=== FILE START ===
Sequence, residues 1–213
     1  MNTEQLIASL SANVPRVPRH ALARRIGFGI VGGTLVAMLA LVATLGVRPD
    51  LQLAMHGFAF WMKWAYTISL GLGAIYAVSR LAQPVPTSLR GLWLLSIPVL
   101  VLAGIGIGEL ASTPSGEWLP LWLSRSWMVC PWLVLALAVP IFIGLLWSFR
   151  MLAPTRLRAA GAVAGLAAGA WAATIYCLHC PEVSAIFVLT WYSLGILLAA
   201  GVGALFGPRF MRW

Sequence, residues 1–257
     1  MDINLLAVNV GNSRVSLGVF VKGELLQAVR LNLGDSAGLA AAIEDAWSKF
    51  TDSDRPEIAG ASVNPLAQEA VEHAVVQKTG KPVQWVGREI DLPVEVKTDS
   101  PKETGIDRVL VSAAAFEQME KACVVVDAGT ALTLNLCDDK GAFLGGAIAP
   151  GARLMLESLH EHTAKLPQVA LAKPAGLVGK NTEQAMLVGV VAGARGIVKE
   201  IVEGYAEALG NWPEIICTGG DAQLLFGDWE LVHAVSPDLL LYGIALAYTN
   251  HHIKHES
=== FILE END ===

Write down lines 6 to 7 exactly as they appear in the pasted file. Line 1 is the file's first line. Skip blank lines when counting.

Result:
   201  GVGALFGPRF MRW

Sequence, residues 1–257